Late Middle Pleistocene deposits at Norton Farm on the West Sussex Coastal Plain, Southern England.

MR Bates, Charles Richard Bates, PL Gibbard, RI Macphail, FJ Owen, SA Parfitt, RC Preece, MB Roberts, E Robinson, JE Whittaker, KN Wilkinson

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37 Citations (Scopus)

Abstract

The coastal plain of West Sussex, southern England, is internationally important because of the sequence of discrete high-sea-level events preserved at Various elevations across it. New evidence is presented from a site at Norton Farm, near Chichester, on the Lower Coastal Plain, where Pleistocene marine sands, fining upwards into silts, occur between 5.3 m and 9.1 m OD. The sequence reflects a regressive tendency at the transition from an interglacial to a cold stage. The marine sands have yielded foraminifera, ostracods and molluscs that indicate a declining marine influence through the sequence, culminating in a tidal mudflat, strongly weathered in places. Cool-climate foraminifera (including Elphidium clavatum, Cassidulina reniformis and Elphidium albiumbilicatum) and ostracods have been recovered from the marine sands. Some species with an apparent preference for warmer water conditions, however, are also present. Freshwater taxa washed into the terminal marine sediments include some cold climate indicators, such as Pisidium stewarti and P. obtusale lapponicum. Additional evidence for cool climatic conditions during the deposition of the upper part of the marine sequence is provided by the lack of tree taxa in the pollen record and by features of the micromorphology. The marine sediments probably began accumulating during OIS 7, a conclusion based on their elevation, on amino acid ratios from shells, but especially on vertebrate evidence, particularly the presence of a small form of horse, together with a large, distinctive, form of northern vole (Microtus oeconomus). The occurrence of cool climate indicators in these marine sediments may demonstrate a lag between the climatic deterioration and the expected glacio-eustatic fall in relative sea-level. This evidence appears to support the conclusions drawn from the study of coral terraces in Barbados. Such a scenario would provide the conditions necessary for the emplacement of the large erratic boulders reported from the Lower Coastal Plain of West Sussex. Copyright (C) 2000 John Wiley & Sons, Ltd.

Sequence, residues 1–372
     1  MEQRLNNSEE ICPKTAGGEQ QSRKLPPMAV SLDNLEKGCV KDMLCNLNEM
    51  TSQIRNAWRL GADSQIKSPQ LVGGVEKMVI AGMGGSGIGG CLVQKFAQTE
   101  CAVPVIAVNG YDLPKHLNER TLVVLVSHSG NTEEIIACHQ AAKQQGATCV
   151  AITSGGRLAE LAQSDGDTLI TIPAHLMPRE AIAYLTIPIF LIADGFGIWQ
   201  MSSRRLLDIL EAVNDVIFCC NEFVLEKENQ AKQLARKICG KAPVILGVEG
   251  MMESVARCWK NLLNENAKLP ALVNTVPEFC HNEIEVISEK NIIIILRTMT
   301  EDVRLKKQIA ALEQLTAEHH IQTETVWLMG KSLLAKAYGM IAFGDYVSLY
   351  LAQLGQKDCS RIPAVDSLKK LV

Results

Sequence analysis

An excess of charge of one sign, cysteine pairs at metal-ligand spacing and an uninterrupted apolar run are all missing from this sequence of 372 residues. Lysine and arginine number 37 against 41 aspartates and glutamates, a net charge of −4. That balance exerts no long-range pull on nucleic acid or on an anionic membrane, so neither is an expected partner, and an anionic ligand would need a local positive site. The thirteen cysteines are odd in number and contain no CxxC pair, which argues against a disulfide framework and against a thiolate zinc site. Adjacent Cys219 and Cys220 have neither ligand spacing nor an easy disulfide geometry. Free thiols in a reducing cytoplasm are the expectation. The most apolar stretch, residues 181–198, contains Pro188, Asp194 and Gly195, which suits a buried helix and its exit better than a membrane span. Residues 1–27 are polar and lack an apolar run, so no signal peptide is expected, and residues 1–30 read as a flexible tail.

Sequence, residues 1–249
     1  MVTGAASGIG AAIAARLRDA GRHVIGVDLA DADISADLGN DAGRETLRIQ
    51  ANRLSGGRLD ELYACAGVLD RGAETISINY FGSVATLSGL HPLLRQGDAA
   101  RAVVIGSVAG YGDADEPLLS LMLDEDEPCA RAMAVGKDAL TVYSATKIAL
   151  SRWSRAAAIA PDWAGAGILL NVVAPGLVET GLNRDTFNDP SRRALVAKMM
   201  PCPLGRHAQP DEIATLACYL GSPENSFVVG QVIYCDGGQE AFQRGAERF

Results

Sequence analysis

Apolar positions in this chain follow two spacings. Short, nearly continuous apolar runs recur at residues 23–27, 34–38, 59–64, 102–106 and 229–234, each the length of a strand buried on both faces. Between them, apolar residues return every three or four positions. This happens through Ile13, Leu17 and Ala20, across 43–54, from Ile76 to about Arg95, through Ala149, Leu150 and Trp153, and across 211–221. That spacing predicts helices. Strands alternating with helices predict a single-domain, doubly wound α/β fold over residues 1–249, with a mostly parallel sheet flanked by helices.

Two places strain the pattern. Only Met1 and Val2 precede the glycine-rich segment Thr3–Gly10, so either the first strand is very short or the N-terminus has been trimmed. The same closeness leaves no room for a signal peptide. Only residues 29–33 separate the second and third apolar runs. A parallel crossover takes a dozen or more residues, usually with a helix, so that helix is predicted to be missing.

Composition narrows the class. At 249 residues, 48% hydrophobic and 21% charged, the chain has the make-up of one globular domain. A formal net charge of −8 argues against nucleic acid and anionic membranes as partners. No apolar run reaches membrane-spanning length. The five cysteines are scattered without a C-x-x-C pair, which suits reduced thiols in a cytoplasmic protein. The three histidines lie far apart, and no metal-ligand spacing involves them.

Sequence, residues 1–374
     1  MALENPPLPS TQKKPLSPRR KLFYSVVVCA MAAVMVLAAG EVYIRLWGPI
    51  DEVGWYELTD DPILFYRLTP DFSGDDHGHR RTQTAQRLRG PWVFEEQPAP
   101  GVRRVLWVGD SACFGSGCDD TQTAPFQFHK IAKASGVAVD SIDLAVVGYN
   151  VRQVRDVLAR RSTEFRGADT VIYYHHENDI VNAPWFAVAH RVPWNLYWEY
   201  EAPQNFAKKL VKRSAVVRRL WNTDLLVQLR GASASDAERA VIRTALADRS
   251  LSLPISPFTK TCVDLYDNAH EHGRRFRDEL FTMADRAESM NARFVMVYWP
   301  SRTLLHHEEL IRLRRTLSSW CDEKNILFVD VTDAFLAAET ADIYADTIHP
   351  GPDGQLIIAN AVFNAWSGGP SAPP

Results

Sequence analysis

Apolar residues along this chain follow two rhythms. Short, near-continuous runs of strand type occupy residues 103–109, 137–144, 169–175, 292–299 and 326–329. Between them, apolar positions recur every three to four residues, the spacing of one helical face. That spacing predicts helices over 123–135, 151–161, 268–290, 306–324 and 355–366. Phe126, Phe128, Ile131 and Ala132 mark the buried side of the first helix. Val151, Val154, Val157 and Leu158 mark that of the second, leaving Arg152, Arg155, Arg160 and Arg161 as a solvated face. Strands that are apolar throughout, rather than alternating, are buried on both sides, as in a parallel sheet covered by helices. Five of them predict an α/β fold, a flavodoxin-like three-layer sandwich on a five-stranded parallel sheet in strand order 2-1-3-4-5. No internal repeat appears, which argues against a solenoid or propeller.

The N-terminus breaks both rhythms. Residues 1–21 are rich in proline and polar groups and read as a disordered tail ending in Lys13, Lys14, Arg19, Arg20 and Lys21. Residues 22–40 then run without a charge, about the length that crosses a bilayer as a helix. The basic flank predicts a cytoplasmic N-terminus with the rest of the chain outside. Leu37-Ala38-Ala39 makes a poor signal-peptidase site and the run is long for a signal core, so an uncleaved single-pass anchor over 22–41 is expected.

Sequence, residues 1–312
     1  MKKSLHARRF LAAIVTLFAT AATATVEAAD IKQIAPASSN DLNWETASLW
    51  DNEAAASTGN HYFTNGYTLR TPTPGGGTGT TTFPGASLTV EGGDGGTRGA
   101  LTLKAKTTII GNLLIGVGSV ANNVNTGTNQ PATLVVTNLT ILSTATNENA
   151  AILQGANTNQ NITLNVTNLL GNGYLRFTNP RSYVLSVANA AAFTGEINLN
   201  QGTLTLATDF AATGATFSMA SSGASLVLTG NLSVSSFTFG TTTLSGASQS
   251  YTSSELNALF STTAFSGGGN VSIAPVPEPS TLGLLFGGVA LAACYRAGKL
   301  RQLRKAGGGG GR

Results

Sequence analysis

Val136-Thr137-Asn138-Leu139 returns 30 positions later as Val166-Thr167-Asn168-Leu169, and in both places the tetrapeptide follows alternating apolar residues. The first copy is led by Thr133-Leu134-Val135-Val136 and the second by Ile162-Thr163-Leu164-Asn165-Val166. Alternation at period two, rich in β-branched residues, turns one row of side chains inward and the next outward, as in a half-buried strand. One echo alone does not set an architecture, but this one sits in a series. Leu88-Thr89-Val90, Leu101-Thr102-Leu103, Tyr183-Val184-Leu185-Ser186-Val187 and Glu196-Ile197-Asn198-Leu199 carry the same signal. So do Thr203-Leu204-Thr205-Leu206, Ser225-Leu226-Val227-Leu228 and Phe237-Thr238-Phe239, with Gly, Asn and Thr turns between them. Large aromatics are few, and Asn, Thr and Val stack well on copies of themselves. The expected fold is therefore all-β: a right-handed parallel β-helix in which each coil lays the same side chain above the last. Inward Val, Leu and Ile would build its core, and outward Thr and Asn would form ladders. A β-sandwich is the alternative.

Original languageEnglish
Pages (from-to)61-89
Number of pages29
JournalJournal of Quaternary Science
Volume15
Issue number1
Publication statusPublished - Jan 2000

Keywords

  • sea-level
  • regression
  • micromorphology
  • molluscs
  • ostracods
  • vertebrates
  • Foraminifera
  • amino acids
  • erratics
  • interglacial-glacial transition
  • RAISED BEACH
  • SEA-LEVEL
  • NORTHWESTERN FRANCE
  • UK
  • CHRONOLOGY
  • EVOLUTION
  • BOXGROVE
  • SOLENT

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